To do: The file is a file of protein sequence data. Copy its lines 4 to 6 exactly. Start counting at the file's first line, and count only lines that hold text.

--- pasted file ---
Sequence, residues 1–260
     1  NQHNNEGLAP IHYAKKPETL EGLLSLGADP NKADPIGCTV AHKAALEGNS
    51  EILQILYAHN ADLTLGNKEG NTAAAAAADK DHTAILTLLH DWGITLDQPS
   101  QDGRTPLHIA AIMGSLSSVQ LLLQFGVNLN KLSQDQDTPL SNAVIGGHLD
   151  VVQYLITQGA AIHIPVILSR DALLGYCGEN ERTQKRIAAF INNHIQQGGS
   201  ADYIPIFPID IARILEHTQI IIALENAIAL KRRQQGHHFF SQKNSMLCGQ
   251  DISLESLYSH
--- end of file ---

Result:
   101  QDGRTPLHIA AIMGSLSSVQ LLLQFGVNLN KLSQDQDTPL SNAVIGGHLD
   151  VVQYLITQGA AIHIPVILSR DALLGYCGEN ERTQKRIAAF INNHIQQGGS
   201  ADYIPIFPID IARILEHTQI IIALENAIAL KRRQQGHHFF SQKNSMLCGQ